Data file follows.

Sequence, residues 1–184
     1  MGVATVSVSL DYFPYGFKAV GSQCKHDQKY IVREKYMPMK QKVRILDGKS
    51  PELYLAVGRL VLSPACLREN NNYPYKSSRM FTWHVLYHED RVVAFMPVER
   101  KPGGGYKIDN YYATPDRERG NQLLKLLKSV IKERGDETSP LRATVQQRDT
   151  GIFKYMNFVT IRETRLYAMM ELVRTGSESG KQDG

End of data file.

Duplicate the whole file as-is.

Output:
Sequence, residues 1–184
     1  MGVATVSVSL DYFPYGFKAV GSQCKHDQKY IVREKYMPMK QKVRILDGKS
    51  PELYLAVGRL VLSPACLREN NNYPYKSSRM FTWHVLYHED RVVAFMPVER
   101  KPGGGYKIDN YYATPDRERG NQLLKLLKSV IKERGDETSP LRATVQQRDT
   151  GIFKYMNFVT IRETRLYAMM ELVRTGSESG KQDG